Wednesday, November 12, 2008

TARP Scraped
Treasury Secretary Paulson announced this morning that the Treasury is scrapping plans to acquire troubled assets from banks, and will use the portion of the $700 billion bailout allocated to troubled assets to instead continue to invest directly into banks. This will improve banks' capital structures. The government is also giving explicit instructions to banks to start lending to businesses and consumers. My immediate opinion of this change in plan tells me that the Treasury determined that the troubled assets have little or no value, and the government's acquisition of these assets would be a financial disaster for taxpayers. Since the assets apparently have no value, the banks need write the assets off and start selling them for whatever they can garner on the open market. This will help clean the banks' balance sheets and inject additional cash into the banking sector.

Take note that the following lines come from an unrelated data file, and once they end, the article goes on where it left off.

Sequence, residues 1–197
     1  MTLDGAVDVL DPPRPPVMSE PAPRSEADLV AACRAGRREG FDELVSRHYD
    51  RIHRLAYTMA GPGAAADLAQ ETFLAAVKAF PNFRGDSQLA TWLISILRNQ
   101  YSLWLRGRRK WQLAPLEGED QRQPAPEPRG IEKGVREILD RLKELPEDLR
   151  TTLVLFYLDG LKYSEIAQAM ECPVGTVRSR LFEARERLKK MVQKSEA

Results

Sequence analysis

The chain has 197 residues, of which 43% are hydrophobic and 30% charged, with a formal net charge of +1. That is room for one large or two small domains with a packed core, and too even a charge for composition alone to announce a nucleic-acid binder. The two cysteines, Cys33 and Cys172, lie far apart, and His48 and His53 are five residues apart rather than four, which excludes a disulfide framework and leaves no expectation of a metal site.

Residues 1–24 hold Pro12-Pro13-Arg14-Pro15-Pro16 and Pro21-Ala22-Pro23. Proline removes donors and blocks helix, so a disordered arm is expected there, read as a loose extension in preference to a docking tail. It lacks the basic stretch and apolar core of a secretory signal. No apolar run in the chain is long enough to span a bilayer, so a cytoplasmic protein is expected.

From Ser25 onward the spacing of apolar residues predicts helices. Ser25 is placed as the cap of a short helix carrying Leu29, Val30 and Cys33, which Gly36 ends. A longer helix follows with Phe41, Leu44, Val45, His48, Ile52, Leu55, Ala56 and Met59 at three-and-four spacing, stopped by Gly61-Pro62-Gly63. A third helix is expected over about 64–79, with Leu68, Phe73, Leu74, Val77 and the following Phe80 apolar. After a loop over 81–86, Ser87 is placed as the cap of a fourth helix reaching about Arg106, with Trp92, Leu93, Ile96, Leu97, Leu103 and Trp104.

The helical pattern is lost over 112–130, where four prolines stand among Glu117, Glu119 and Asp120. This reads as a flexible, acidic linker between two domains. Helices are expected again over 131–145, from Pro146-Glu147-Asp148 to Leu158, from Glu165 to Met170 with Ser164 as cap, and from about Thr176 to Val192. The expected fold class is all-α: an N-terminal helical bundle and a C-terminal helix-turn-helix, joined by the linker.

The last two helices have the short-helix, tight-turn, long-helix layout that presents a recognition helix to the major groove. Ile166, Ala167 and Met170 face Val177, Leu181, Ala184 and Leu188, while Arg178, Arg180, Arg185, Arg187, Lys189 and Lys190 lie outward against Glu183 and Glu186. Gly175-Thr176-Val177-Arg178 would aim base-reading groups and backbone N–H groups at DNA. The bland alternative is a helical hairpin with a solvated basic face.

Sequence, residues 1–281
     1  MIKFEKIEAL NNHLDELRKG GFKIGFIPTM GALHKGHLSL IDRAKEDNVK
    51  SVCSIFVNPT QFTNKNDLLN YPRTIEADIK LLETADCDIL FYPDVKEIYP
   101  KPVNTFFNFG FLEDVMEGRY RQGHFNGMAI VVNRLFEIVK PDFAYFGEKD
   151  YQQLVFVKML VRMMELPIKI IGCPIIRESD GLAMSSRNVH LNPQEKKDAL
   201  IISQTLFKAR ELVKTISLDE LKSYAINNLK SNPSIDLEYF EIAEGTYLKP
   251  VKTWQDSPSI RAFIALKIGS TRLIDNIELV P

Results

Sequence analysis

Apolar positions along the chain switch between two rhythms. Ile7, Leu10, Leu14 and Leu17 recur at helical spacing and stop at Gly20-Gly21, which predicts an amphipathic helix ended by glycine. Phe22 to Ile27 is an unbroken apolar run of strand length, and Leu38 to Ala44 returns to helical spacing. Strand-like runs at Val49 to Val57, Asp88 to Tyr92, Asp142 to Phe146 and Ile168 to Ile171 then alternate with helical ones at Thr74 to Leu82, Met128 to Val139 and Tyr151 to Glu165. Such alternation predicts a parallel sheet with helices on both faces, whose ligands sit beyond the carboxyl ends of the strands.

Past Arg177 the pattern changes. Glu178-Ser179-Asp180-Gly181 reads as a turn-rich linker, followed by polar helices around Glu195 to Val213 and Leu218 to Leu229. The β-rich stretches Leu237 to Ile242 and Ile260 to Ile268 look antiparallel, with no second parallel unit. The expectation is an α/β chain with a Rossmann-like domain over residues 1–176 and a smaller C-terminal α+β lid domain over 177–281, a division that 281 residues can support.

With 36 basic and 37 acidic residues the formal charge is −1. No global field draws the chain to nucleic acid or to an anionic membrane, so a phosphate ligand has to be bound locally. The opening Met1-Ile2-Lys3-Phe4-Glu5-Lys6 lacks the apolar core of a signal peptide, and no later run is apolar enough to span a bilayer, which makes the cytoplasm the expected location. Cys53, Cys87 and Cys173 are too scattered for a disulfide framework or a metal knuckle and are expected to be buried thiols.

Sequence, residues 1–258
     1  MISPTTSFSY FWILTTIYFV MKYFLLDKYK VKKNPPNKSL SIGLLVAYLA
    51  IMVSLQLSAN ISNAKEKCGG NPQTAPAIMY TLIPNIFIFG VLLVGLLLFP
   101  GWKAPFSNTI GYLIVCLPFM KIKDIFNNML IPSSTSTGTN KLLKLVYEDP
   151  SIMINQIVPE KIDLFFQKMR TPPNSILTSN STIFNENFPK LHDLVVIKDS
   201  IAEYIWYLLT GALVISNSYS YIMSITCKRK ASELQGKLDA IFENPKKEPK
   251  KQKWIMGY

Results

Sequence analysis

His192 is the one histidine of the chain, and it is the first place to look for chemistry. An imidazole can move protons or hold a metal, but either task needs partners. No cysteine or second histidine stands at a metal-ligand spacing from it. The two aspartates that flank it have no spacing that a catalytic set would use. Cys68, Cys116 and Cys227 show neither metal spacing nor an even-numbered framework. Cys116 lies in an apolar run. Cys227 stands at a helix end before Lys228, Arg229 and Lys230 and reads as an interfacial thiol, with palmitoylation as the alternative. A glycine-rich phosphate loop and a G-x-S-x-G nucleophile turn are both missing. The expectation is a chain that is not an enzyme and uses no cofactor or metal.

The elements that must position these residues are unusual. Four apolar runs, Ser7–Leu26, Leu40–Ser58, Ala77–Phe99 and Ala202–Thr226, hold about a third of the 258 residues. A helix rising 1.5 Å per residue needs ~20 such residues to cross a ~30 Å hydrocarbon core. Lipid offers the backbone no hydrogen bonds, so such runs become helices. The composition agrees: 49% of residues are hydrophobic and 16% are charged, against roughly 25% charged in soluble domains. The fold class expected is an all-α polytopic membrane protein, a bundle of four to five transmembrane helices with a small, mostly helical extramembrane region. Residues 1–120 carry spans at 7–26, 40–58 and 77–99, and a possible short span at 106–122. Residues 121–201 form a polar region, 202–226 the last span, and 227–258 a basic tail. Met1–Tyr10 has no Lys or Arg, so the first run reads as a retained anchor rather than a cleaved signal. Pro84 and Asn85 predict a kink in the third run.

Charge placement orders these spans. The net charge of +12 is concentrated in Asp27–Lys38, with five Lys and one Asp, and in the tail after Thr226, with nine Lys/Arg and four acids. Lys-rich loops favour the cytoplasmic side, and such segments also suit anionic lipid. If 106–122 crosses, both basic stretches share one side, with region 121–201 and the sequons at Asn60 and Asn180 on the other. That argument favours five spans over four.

investdoc said...

I am somewhat disappointed at the announcement. The Resolution Trust Company model is no longer an option. Plus, providing capital to operating institutions will likely provide the excuse for further meddling in operations (which is one large factor in getting into the current situation). Bloomberg also has a story that says that Paulson specifically intends that TARP will target consumers as opposed to businesses. I'm not so sure that I can get excited about the change in strategy.

Rational Realist said...

The market sure did not like the news. The impression is that, like in late September, Treasury appears to be throwing darts and hoping something sticks. To me the troubled assets have no value, and should be prices accordingly. CDSs need to be valued at $0, too, and Wall Street needs to move forward. CDSs, as I now understand them, seem like a B.S. deal anyway.